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Monday, January 16, 2017

Labour in chaos again

As the Daily Telegraph reports Labour's freedom of movement position is in chaos once again as the shadow foreign secretary said the party will not "die in a ditch" over the policy.

They say that Emily Thornberry made the comments just minutes after Jeremy Corbyn refused to accept that levels of EU migration to Britain were too high. Nor is this the first time that senior Labour politicians have openly contradicted each other in public:

The party's position was in disarray last week after Mr Corbyn indicated on Monday that he was prepared to address the concerns of voters by announcing that his party favoured "reasonably managed migration".

However, when he delivered his speech he changed a key paragraph to say that the party did not "rule out" keeping free movement in exchange for access to the Single Market.

Mr Corbyn's speech had been intended to end the confusion surrounding his stance on migration after bitter clashes with his shadow cabinet.

But in a series of interviews he said that he was not willing to put limits on migration, and suggested he was prepared to accept free movement in return for access to the Single Market.

Speaking on ITV’s Peston on Sunday, Ms Thornberry said: “We’re not going to die in a ditch about it, it’s up for negotiation, but Labour’s principle has always been that the economy is the most important thing.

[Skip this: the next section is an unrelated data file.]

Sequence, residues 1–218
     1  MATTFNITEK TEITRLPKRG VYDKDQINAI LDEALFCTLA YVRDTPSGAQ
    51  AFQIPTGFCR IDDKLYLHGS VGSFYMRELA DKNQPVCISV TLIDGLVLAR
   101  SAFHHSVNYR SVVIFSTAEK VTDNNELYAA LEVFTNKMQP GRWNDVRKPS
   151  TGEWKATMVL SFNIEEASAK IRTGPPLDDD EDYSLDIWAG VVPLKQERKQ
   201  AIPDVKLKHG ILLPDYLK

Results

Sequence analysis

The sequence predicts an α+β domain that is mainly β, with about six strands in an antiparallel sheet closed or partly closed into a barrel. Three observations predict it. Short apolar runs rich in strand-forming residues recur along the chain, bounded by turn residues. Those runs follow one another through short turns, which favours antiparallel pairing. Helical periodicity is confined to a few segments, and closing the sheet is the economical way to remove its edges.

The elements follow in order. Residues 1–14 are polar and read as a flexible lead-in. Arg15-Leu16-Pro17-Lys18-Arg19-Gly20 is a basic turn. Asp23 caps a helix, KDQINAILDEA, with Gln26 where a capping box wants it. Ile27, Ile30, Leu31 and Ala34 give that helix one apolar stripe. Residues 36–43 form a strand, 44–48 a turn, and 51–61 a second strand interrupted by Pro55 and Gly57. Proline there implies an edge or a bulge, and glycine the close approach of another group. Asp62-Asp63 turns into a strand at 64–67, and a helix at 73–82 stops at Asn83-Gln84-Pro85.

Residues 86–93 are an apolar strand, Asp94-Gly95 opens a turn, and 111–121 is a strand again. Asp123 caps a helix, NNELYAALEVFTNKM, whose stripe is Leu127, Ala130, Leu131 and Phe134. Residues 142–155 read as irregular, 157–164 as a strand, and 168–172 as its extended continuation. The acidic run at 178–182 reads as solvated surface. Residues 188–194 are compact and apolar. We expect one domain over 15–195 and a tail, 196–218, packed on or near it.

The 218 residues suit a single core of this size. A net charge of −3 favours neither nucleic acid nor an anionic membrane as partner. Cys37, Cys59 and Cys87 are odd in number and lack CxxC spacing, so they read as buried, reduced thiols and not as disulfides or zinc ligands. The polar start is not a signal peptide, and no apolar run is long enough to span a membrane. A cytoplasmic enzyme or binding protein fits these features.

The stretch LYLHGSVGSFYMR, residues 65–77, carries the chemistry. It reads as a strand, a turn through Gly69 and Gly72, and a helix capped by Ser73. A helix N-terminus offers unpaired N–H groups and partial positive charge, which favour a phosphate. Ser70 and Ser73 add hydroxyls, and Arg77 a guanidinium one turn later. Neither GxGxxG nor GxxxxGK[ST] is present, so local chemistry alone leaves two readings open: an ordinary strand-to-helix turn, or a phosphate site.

“It’s up to negotiations. Labour’s principle has always been that the economy is the most important thing.”

Appearing on the BBC’s Andrew Marr Show this morning, Mr Corbyn acknowledged free movement was up for “negotiation”, but added: “Let’s not blame migrants for the problems that we have.”

He added that any Brexit deal “will involve people from Europe working here just as much as there are 2million British people living and working in the European Union.

“Are we going to cut ourselves from Europe completely? I don’t think so.”

Asked whether Labour wanted more control over who comes into Britain, Ms Thornberry said: “We’ve always been in favour of fair rules, and properly managed migration. That’s always been Labour’s policy. So of course we’re likely to have a new policy on migration if we leave the European Union.”

Although these sound like small differences of emphasis they are in fact quite important. Labour's approach to Brexit appears to differ from week to week, spokesperson to spokesperson, even between leader's pronouncments. It is little wonder that they are incapable of providing coherent opposition.
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